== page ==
Andy and I had our fair share of communication problems when I was studying abroad. It was hard for Andy to hear how much fun I was having without him, but it was also hard for me not to gab about all the new things I was experiencing. We put a lot of pressure on the moments we had to instant message and video chat, because the time difference and my busy schedule made it impossible for us to talk every day.
Try not to place expectations on the time you have together — that will set you up for potential disappointment. Instead, go into the conversation with an open mind and a positive attitude.
During our five months apart while married, we stuck to quick and happy phone conversations throughout the day. We were able to see each other nearly every weekend, which made it possible for us to save important topics for when we could chat in person.
Try to keep conversations light-hearted and encouraging.“An anxious heart weighs a man down, but a kind word cheers him up.” Proverbs 12:25 (NIV)
You’re both imperfect people and will let each other down — even from far away! Forgive quickly. “He who covers over an offense promotes love, but whoever repeats the matter separates close friends.” Proverbs 17:9 (NIV)
Men often get overwhelmed by a lot of chatter, and women who talk a lot can be careless with their words. Think about what you want to share before the conversation occurs, and remember to include plenty of time for listening. “When words are many, sin is not absent, but he who holds his tongue is wise.” Proverbs 10:19 (NIV)
Do you have a plan for how you’ll spend the time apart?
From our experience, the LDR tends to be hardest on the person being left behind. Keeping this in mind, I lined up several coffee dates and visits from out-of-town friends for those five months that Andy worked in another part of the state. I knew I needed to keep myself busy in order to not mope around the house missing my husband. Of course, it was a huge help that Andy and I were able to spend the weekends together!
When I wasn’t on a “friend date,” I used my time to organize closets, read, take long walks with the dog and dance around the house, singing at the top of my lungs. I began to embrace my alone time and became more confident in myself in the process. Those times alone prepared me for moving to Maryland, where it took several months to make friends.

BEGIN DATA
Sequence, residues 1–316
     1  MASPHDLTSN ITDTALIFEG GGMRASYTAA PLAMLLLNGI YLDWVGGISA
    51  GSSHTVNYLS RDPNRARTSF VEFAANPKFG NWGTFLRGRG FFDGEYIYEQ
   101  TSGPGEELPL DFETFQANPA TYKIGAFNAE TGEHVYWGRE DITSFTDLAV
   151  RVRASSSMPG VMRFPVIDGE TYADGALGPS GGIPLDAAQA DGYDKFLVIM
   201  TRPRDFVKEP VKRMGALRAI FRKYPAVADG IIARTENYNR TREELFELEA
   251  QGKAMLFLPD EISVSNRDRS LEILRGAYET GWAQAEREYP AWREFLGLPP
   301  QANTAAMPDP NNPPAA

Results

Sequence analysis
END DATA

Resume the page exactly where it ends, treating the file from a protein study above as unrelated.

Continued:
“She looks well to the ways of her household and does not eat the bread of idleness.” Proverbs 31:27 (ESV)
If you’re the one left behind, start filling up your calendar so that you’ll have things to look forward to. Make the most of your time by diving into ministry or charity work. During our five months apart I was able to meet more often with girls in my Bible study and dedicate more time to the cleaning ministry that I was overseeing at church. My relationship with the Lord grew stronger because I threw myself into studying and fellowship (and I wasn’t as distracted by my cute husband).
If you’re the one with the more hectic schedule, encourage your boyfriend or husband to think of ways to keep busy and try not to dump your stress on him. Make him feel like a priority by scheduling specific times to call each other or video chat, and maybe surprise him now and then with a sweet e-mail or text.
Some final thoughts to leave you with: God did not design us for long-distance relationships. Being separated from a person you love is not easy! Talk with each other about your relationship goals and how you plan on growing together. Don’t forget to pray, pray, pray!
Laura Rennie lives in Maryland with her hilarious husband and constantly shedding dog. She loves reading, writing and playing word games. Her greatest desire is to share Jesus through her words and actions as she learns how to be a better wife, daughter, sister and friend.